CARACAS -- Venezuela said yesterday it will expand a program to provide discounted home heating oil to poor Americans, bringing savings to low-income families in Vermont and Rhode Island, as well as four Indian tribes in Maine.
Venezuela's Citgo Petroleum Corp. has already begun selling millions of gallons of discounted fuel in Massachusetts and the Bronx in New York City as part of a plan by Venezuela's president, Hugo Chávez, to aid poor communities that he says are neglected by Washington.
Bernardo Alvarez, Venezuela's ambassador to the United States, said he will sign an agreement Thursday in Maine to start providing heating oil to four Indian tribes -- the Penobscot, Micmac, Passamaquoddy, and the Houlton Band of Maliseet Indians.
''The Penobscot Nation is very grateful," tribal chief James Sappier said by phone from the reservation near Bangor. ''This is probably one of the greatest decisions for our tribe in years."
Many in the tribe of 2,261 people are facing tough times economically as jobs have moved out of the area, and the discounted fuel could save a family $1,000 or more this winter, he said.
Residential heating oil in the United States has been selling at more than $2.40 a gallon recently, and Venezuela estimates participants will save 60 to 80 cents per gallon.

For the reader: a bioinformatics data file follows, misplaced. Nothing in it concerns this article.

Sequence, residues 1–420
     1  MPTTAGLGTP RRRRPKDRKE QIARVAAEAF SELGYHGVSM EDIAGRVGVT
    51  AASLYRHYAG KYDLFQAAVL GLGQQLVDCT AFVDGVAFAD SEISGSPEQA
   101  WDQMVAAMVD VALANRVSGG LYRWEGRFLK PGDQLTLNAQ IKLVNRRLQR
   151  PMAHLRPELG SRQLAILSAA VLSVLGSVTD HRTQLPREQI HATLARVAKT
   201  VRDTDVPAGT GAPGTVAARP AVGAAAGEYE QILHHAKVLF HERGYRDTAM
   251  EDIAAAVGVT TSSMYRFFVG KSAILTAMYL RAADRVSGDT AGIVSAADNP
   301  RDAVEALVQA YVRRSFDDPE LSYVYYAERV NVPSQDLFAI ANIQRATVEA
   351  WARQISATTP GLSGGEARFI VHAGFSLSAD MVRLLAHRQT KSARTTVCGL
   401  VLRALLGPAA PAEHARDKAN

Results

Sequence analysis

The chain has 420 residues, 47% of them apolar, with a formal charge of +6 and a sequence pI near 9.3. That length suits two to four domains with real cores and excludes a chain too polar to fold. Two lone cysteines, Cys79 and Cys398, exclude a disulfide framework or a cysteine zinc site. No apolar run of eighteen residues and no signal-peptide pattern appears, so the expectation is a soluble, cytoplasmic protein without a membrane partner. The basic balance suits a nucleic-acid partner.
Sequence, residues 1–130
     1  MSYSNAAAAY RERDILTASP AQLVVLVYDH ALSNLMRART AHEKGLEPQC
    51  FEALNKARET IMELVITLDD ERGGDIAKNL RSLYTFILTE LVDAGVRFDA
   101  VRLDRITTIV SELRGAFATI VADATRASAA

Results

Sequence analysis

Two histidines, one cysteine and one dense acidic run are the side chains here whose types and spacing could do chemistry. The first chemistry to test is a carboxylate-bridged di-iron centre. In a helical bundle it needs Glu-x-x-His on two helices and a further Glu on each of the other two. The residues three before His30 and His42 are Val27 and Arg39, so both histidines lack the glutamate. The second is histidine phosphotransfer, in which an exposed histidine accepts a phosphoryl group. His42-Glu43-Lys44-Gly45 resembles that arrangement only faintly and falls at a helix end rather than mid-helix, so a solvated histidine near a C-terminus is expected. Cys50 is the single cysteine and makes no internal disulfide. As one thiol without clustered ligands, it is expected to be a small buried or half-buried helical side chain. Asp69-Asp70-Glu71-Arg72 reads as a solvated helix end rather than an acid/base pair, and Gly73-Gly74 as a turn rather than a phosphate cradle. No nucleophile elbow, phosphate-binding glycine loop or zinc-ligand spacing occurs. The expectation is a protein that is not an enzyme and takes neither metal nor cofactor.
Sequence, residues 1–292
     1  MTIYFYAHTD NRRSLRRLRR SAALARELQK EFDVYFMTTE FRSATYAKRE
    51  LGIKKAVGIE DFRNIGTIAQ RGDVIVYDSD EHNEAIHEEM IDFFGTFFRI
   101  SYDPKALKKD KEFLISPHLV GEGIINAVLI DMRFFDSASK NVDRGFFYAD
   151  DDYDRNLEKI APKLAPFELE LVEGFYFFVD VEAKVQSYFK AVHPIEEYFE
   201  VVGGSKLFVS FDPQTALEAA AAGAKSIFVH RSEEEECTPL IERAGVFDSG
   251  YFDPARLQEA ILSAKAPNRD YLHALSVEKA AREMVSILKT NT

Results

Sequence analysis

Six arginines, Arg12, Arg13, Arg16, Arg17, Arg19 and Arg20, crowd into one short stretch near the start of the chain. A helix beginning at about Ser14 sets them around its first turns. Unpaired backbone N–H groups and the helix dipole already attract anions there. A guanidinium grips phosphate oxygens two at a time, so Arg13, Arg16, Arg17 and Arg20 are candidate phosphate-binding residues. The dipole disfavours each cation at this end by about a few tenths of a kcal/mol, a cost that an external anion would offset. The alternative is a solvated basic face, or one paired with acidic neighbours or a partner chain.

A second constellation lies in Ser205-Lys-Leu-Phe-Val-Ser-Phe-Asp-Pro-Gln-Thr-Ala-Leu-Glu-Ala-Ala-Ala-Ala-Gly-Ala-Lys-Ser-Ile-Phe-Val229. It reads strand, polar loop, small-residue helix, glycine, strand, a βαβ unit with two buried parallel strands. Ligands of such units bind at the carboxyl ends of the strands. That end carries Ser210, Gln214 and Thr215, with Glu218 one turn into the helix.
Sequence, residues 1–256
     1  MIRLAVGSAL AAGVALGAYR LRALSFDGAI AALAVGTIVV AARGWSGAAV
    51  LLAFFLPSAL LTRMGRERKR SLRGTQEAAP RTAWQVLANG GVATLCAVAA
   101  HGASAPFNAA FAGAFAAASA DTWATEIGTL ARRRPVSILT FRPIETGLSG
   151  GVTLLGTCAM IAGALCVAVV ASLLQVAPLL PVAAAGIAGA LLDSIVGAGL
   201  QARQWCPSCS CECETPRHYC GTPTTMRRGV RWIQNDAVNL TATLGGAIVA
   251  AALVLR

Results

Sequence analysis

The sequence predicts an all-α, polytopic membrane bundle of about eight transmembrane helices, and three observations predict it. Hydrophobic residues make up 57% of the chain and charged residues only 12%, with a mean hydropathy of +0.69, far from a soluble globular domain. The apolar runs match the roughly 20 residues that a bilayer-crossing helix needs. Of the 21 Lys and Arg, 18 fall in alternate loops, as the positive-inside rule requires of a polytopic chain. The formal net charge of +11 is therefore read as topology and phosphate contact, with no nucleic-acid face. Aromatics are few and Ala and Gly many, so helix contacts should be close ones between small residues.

Alvarez said Venezuela also will extend the deal next week to Vermont and Rhode Island. Other communities in New York City -- Harlem, Queens, and Brooklyn -- will soon begin benefiting, he said.
Chávez's opponents accuse him of using Venezuela's oil wealth to win friends while trying to one-up President Bush, whom he calls a ''madman." But Chávez's supporters defend the heating oil program as another example of a generous deed by a president leading a socialist revolution for the poor.
Alvarez was accompanied by a group of American activists on a tour of a state-funded cooperative in Caracas where the poor receive free healthcare and hundreds work in textile and shoemaking shops.
The visitors included singer Harry Belafonte, actor Danny Glover, Princeton University scholar Cornel West, and farm worker advocate Dolores Huerta.
''It was impressive for everyone to see that progress is being made," said Tavis Smiley, who joined the group and hosts a talk show on PBS television.
Belafonte, who has praised the heating oil program, said the group came to learn about the situation in Venezuela. He was sharply critical of the situation in the United States, noting poverty and a huge prison population.
West, a professor of religion and author of the 1993 best seller ''Race Matters," spoke admiringly of Chávez's programs, saying they show ''this revolution is real; it's not something that people are just talking about."
When asked about US funds channeled to opposition-aligned groups, he said it should be expected that ''covert funds" are being sent.
''The only thing that stands in the way of the United States undermining" Chávez's revolution, he said, ''are institutions like this [cooperative] that are able to convince people to come together and stand with dignity."